Since an extreme flood in 2016 drew our attention to the Lake Superior Basin, Wisconsin Wetlands Association (WWA) has been working to help communities in northern Wisconsin better understand how the loss of headwater wetland storage and floodplain connectivity contributes to flood risks and damages. These communities have been hit hard with catastrophic and repetitive storm-related damages to roads and culverts in recent years, with six federal disaster declarations between 2012 and 2022. These communities urgently need solutions to reduce flood risks and damages.

WWA is striving to meet that need by providing technical support to help assess the root causes of these flood vulnerabilities. We’re also working to build local capacity to prioritize, plan, and implement projects that combine wetland, stream, and floodplain restoration with bridge and culvert improvements to increase the resilience of vulnerable downstream transportation infrastructure.

Organized under the moniker of natural flood management this work has been carried out largely through a two-phased pilot project in the Marengo River watershed (Ashland/Bayfield counties).

A map of the Marengo River Watershed, intersected by State Hwy 112, State Hwy 13, Co Hwy C, and Co Hwy E in the north and Co Hwy GG in the southeast. Darker blues appear just south of Co Hwy C and near the intersection of State Hwy 13 and Co Hwy C.

This map of the Marengo River watershed helps decision makers target their efforts by showing them which areas offer the most opportunity to restore wetlands—the darker the color, the greater the opportunity.

In Phase 1 (2019-2022), WWA helped Ashland County secure a Federal Emergency Management Agency Pre-Disaster Hazard Mitigation Grant. Through this project, the county hired WWA, the US Geological Survey, and the Northwest Regional Planning Commission to assess culvert risks and to identify and map fluvial erosion hazards such as ravines, gullies, and incised streams.

In Phase 2 (2021-2023), WWA and the Association of State Floodplain Managers received support from the National Oceanic and Atmospheric Administration under the Great Lakes Restoration Initiative to further identify areas of compromised wetland storage, identify and prioritize hydrologic restoration opportunities, and begin scoping potential projects.

As we wrap up Phase 2, we’re reflecting on what we’ve achieved and exporting lessons learned to other key audiences. The following are some of the key outputs and outcomes from this important work.

Increased baseline data

Existing wetland inventories and other nationally available data underrepresented the extent of the wetland and stream network, particularly in headwater areas. Reliable information on culvert locations and damage histories has not been well compiled. The Marengo River watershed work has significantly increased the availability and accuracy of these and other key data sets needed to help flood-prone communities understand the root causes of flood risks and damages.

A photo of a forested headwater creek with a a few inches of water running through the shallow channel.

Developing better data and maps of runoff flow paths (like the one pictured here) in headwater areas and extended stream networks is key to helping flood-prone communities understand their landscape.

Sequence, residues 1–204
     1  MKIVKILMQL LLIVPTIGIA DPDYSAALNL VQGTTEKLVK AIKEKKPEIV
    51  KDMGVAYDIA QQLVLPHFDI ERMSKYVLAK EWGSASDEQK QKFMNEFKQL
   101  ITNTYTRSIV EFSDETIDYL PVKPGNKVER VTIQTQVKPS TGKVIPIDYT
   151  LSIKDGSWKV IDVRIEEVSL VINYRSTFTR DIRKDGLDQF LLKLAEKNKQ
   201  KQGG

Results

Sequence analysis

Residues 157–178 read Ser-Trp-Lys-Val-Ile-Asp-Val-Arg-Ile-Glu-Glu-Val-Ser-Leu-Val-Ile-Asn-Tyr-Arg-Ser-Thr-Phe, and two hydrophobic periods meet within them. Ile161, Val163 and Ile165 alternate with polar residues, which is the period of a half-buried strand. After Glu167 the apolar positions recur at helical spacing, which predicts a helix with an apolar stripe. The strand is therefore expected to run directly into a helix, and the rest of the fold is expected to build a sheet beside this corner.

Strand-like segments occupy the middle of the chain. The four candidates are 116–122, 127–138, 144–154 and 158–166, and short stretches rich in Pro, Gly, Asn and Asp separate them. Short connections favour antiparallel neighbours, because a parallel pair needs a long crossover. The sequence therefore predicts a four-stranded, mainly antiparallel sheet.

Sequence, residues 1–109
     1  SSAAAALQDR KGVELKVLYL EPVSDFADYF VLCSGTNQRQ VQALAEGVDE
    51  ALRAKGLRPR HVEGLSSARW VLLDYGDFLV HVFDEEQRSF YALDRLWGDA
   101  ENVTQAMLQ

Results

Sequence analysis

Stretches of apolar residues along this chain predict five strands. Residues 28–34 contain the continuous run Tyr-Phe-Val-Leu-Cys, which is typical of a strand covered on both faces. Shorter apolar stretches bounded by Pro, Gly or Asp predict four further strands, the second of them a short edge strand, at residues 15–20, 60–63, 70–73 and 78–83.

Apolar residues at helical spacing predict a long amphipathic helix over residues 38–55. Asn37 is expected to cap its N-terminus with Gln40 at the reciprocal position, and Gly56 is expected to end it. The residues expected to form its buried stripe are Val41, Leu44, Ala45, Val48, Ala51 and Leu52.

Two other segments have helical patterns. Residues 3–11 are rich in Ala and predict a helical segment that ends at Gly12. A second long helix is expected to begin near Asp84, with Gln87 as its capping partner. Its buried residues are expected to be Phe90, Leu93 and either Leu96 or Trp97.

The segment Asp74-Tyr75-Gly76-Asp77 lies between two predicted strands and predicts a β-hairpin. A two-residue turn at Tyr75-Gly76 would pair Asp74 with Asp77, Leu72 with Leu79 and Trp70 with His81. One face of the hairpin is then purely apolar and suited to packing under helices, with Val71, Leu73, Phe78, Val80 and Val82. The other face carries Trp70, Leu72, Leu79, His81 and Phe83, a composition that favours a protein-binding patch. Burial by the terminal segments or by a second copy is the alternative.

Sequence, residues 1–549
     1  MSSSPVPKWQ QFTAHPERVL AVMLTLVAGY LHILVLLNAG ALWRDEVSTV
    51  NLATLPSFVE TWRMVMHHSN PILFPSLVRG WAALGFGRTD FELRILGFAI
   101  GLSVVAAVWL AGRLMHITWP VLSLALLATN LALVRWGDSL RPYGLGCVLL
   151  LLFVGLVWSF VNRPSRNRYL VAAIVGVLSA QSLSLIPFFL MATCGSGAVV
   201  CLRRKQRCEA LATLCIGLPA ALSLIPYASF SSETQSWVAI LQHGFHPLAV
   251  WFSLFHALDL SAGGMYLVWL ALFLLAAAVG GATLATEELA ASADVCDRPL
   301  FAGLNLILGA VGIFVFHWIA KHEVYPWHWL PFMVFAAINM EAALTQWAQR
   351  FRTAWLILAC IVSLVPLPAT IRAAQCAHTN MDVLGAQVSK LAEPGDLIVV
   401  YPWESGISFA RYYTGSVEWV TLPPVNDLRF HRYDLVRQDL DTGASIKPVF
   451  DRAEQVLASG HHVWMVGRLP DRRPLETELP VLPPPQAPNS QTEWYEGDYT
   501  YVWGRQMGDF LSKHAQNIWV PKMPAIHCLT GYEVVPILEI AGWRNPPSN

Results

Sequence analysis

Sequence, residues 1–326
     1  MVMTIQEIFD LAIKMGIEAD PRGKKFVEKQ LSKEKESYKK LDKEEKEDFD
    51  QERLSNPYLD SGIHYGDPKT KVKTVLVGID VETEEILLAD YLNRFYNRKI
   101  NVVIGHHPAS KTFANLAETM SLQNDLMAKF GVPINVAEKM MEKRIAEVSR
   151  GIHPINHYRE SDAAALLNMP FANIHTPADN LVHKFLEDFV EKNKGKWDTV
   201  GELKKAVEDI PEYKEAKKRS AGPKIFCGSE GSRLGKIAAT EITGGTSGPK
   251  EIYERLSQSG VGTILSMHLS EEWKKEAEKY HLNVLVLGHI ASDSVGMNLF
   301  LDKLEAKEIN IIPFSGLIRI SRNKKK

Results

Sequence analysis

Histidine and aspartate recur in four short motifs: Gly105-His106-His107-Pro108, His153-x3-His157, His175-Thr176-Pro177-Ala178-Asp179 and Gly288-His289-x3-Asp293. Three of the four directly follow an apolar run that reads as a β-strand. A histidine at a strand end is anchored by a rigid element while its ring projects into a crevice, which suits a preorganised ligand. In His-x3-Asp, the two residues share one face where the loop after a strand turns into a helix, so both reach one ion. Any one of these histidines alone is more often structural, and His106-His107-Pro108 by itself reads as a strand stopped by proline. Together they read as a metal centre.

New assessment methods and decision-support tools

One project priority was to develop and test methods to evaluate culvert washout risks and identify where degraded wetland and stream hydrology contributes to those risks. We’ve also worked with partners to summarize and post underlying data and assessment findings so that local road managers can explore the data directly. These tools have helped build understanding of landscape conditions and restoration opportunities. They also provide an easy way for local partners to identify and begin scoping priority restoration projects.

Identification of new policy priorities

The purpose of pilot projects like this is to try new things and learn. The lessons learned from the Marengo River watershed projects have informed— and will continue to inform—WWA’s work to increase policy and program support for hydrologic assessment and restoration. For example, several of the provisions in the newly enacted Pre-Disaster Flood Resilience Grant Program are designed to help address capacity constraints and knowledge gaps we first observed in our interactions with Marengo River watershed collaborators.

A photo of six people (not including the photographer) sitting around a table with a map projected onto it, clearly discussing.

Convening a wide array of partners in the community—from road engineers to hydrologists, Tribes to emergency managers—is just one of the ways we’re increasing public investment in our project work.

Momentum for the use of natural flood management solutions

Through community engagement, partnership development, and local outreach, we have built a shared vision for the use of natural flood management across the Lake Superior Basin. The project has also garnered statewide and even national attention. This increased awareness and engagement is beginning to translate into increased public investments in hydrologic restoration as a climate adaptation strategy and the development of new constituencies for wetlands conservation. It has also opened the doors for new flood resilience collaborations with other Wisconsin communities and additional agencies. We anticipate being able to announce the details of some of these initiatives later this year.

For more information about the MRW pilot project methods and findings and to explore newly generated data visit the Marengo Watershed Strategic Floodplain and Wetland Restoration project website.

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